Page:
We do the AND operation, bit by bit, on the binary representation of 48, 27. Use the controls below to step through the bits. The corresponding truth table is shown below.

A | B | A & B |
---|---|---|

0 | 0 | 0 |

0 | 1 | 0 |

1 | 0 | 0 |

1 | 1 | 1 |

You can change the operation by clicking/pressing on the operator.

110000

011011

010000

We do the AND operation, bit by bit, on the binary representation of 48, 27. Use the controls below to step through the bits. The corresponding truth table is shown below.

A | B | A & B |
---|---|---|

0 | 0 | 0 |

0 | 1 | 0 |

1 | 0 | 0 |

1 | 1 | 1 |

~

not

10111

01000

I want to mention a point which might cause confusion while getting started with bitwise NOT operation.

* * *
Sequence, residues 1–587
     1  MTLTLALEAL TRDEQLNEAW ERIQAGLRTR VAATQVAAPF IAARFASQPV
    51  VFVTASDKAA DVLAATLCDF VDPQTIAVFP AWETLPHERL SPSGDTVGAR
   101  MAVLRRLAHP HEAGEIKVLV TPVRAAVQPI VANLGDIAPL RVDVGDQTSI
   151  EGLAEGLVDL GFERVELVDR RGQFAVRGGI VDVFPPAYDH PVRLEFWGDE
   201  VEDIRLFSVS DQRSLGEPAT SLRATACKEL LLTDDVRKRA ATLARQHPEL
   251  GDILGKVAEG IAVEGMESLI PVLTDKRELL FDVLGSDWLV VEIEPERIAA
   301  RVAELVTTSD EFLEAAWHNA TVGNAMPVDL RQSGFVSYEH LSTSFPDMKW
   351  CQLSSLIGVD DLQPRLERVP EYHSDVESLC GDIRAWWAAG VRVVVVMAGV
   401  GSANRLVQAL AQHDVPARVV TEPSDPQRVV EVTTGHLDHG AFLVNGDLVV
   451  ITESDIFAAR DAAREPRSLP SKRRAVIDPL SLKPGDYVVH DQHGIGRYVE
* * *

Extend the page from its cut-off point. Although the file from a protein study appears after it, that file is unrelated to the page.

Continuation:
In a bitwise NOT operation, all the leading zeros will be flipped to a 1. This means varying number of leading zeros produce different outputs from the same input.

Use the buttons below to add/remove leading zeros to see what outputs are produced. You can see the output value (40) changes even though the input value (23) doesn't.

010111

101000

1 leading zeros

The shift is done on binary representation of the first operand. The second operand is the number of positions to be shifted.

You can change the operation by pressing on the operator.

11011

01101

The right-most digit is shifted off.

The vacant bit on the left side is filled with 0.

Usually, in most programming languages (including C/C++, Java, JavaScript and Python), only Logical Shifts are available.

11011

11101

The vacant bit on the left side is filled with the bit pushed off from the right side.

There is also a third type of bitwise shift: Arithmetic Shift. I have excluded it here, as it is analogus to logical shift when dealing with unsigned integers.